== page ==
NaNoWriMo: Lessons Learned

It’s the last day of NaNoWriMo and it’s bitter-sweet. I’m sort of sad because I’ll miss all the craziness and excitement of the month, but I’m also sort of relieved too– because I discovered I’m not the best at getting down 1, 000 + words a day. That is quite a lot of pressure! Instead of focusing solely on the quantity (*cough* the word count) I’m going to talk about quality. Specifically, what NaNoWriMo teaches you and instills in you, whether you consider yourself a writer or not.

My second NaNoWriMo experience was challenging, exciting and crazy. It was a great way to spend my November and I’m glad I did it. Along the way though, I came up with some surprising and enlightening reflections. Here is what NaNoWriMo taught me:

Be Brave: Funny enough, I was writing a supernatural/horror story about college-age students encountering ghosts in a haunted mansion on Halloween. I was getting so creeped out that I would often stop writing. In the same way, you and I can apply this to our writing: we get scared of the ghoulish monsters that taunt us and tell us we can’t do it, when we know we can. We just have to brave it out and write, no matter how good or bad it is on paper.

Forget Inspiration: I didn’t realize how futile relying on inspiration was until I read my NaNoWriMo pep talk from author, Malinda Lo.ย I prefer to write whenever inspiration hits me, but find myself hating the times when I sit down to write and come up with lacklustre words, feeling as if my story sucks. But after taking in Malinda Lo’s words about inspiration, I learned that if you wait for inspiration to write, you’ll never write and inspiration is a rare occurrence.

Have Fun: NaNoWriMo’s staff, especially those tweeting on @NaNoWordSprints, taught me to not take myself so seriously. I love their silly prompts on @NaNoWordSprints and the way they could put together an engaging pep talk. When you’re feeling silly and wacky, it translates to your novel. Iย was evenย able to incorporate some humour (or what I hope was good humour) into my horror story. I have a way of taking my writing VERY seriously, but I realized it’s okay to have some fun with your writing too. At the end of the day, shouldn’t writing be fun and enjoyable too?

Trust Time: Like a fine cheese or wine, your writing only gets better with age. If you continue to write year after year, you learn more and more. I’m a better writer now than I was last year, and more in terms of discipline than anything. NaNoWriMo is the perfect way to hone your writing; not only is there the annual November writing month but Camp NaNoWriMo that takes place in April and July, as well as the “Now What?” months of January and February, which are full of tips for revising, editing and publishing. NaNoWriMo proves in a very short period of time that you can improve. If you can improve in a month, just imagine what one year could do!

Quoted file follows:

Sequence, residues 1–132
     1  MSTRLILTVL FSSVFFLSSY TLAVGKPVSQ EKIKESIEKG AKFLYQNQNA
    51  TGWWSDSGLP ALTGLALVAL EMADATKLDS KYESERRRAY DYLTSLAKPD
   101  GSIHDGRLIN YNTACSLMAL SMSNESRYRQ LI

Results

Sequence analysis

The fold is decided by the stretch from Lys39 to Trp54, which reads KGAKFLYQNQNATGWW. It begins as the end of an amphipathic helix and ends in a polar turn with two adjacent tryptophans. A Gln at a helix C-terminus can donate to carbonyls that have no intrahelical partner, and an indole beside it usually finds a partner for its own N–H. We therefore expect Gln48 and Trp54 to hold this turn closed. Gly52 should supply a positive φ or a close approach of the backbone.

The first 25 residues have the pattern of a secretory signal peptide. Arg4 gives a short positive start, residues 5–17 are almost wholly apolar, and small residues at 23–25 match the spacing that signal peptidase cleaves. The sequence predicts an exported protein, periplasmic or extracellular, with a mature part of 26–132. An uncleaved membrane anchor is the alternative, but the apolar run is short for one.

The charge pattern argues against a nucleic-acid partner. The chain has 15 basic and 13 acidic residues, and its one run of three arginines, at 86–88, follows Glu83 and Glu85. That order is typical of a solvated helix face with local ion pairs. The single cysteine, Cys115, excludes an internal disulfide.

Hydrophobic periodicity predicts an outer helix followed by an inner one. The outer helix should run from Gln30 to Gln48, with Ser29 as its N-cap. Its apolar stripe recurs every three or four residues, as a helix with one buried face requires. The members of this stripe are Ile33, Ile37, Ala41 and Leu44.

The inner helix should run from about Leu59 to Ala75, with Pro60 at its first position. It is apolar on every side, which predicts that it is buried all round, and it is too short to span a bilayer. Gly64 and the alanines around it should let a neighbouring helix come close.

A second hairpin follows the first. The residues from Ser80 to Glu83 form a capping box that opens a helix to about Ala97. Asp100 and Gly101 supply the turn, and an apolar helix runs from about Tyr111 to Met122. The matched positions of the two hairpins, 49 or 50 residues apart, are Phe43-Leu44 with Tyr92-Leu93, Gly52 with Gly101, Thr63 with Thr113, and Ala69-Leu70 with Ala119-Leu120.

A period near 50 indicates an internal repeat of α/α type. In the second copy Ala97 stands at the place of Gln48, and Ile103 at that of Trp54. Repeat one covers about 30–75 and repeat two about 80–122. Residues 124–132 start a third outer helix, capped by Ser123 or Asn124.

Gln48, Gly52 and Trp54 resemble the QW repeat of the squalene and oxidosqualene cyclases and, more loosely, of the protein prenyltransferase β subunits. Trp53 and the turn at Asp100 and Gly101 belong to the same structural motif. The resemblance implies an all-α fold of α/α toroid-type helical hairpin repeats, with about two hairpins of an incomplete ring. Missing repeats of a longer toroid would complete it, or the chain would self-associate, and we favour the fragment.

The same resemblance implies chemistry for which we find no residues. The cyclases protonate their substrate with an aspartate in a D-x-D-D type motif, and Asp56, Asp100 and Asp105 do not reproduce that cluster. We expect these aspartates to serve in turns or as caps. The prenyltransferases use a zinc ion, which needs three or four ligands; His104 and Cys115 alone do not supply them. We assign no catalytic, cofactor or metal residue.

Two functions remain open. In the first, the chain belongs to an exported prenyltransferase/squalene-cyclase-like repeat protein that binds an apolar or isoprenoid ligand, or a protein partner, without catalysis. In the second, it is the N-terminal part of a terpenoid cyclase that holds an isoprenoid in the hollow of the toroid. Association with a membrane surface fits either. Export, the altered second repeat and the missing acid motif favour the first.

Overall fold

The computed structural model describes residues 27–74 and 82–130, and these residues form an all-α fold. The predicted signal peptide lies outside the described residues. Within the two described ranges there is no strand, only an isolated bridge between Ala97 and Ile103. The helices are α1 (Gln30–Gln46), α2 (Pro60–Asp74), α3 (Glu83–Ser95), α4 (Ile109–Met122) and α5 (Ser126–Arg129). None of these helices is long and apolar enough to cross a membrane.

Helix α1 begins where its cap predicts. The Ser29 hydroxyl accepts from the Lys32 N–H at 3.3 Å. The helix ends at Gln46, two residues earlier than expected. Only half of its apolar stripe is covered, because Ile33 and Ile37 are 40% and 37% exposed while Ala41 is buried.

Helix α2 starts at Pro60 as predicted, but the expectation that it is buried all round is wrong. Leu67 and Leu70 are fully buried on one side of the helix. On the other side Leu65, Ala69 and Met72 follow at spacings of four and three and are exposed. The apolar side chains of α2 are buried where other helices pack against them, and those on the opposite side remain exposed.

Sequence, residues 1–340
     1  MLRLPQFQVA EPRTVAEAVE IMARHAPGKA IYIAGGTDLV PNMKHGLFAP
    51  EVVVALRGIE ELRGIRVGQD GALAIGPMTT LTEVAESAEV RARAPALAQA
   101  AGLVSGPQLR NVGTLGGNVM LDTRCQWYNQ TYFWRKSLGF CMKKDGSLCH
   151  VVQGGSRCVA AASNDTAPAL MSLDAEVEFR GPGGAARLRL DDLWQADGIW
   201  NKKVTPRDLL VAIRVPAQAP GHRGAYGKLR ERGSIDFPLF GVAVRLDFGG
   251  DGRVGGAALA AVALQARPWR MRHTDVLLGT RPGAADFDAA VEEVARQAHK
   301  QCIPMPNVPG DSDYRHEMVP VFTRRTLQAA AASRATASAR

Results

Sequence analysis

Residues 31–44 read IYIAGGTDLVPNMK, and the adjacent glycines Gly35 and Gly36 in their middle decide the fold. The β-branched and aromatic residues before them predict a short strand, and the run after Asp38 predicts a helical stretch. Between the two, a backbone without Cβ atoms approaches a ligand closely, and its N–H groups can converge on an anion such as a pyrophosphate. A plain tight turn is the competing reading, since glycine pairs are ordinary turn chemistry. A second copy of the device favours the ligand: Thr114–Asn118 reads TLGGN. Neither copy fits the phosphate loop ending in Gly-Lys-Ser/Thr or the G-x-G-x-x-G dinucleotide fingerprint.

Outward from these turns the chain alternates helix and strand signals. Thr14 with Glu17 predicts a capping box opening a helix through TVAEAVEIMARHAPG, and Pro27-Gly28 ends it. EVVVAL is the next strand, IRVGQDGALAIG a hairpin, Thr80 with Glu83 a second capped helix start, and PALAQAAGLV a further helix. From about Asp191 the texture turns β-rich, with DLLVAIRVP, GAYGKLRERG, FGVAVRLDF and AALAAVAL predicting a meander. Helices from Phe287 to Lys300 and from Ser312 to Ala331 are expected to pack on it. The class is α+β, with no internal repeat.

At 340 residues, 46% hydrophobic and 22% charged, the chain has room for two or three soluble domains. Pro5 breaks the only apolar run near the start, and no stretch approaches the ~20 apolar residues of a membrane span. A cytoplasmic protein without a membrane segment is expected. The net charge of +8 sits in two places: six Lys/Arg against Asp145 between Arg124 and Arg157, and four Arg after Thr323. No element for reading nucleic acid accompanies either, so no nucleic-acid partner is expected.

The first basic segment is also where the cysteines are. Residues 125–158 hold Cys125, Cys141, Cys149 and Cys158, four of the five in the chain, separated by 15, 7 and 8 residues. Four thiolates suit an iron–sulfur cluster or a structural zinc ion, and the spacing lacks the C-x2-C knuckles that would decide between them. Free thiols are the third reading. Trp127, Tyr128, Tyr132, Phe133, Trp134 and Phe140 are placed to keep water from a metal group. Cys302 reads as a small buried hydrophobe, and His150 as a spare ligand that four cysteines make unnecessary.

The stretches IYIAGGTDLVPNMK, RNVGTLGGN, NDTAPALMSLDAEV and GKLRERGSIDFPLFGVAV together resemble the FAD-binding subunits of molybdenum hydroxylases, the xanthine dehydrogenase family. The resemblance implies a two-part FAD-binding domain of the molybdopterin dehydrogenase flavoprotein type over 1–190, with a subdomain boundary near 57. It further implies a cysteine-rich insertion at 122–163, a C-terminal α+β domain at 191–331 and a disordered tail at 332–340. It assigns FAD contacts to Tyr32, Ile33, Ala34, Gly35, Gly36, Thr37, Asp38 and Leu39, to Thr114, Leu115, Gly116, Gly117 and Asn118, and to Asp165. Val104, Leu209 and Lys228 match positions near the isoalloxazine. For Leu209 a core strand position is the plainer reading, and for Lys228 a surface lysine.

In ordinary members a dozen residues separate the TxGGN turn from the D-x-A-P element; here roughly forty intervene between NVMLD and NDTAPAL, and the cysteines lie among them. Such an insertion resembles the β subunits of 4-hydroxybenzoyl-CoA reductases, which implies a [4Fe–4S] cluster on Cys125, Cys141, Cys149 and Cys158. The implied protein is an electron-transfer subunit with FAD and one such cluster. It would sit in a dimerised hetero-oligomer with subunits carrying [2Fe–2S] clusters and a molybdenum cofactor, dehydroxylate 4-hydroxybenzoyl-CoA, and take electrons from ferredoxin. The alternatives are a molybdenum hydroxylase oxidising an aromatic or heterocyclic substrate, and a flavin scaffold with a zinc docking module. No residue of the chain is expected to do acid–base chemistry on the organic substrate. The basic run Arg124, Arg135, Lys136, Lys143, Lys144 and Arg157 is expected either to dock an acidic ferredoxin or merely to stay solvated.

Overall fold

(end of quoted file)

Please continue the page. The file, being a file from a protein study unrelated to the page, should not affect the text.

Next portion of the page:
These are just a few lessons I took away this year. What was your NaNoWriMo writing experience like? I’d love to hear your stories!

P.S. Check out ProlixMe’s great post about NaNoWriMo ๐Ÿ™‚

11 thoughts on “NaNoWriMo: Lessons Learned”

  1. I found this year’s NaNo much easier than any other, and I think it’s because of my blog. In trying to write a post every day I felt like the momentum carried over into my NaNo project and, unexpected as it was, the words just flowed out of me.

    If you’re interested in doing NaNo again next year I would encourage you to write here, keep working on your novel – just write!

      1. No problem, always happy to help where I can. ๐Ÿ™‚

        Oh, and one other thing that helped me this year was having writing buddies. It was the first time I’d had them, and it was great to be able to see each other’s progress. Look me up next year if you do it again, and we’ll connect over at NaNo ๐Ÿ˜€

      2. Writing buddies are great, aren’t they? I found this year people were much more willing to reach out and message you as a writing buddy to offer encouragement. This was something I had never encountered in my first year, so I thought it was nice.
        Sure, sounds great! If you’re wondering who I am, my username is fantasywriter100 on Nano. ๐Ÿ™‚

  2. I haven’t tried the NaNoWriMo challenge yet. Writing 50,000 words of coherence, good or bad, would be difficult, I’m sure. But I do write regularly and have easily written enough to fill books each of the last three years. For next year’s writing, I have more specific plans. One non-fiction and one fiction book are pushing to the fore. But if I don’t write they won’t get written.

    Thanks again for the Versatile Blogger nomination. We appreciate it.

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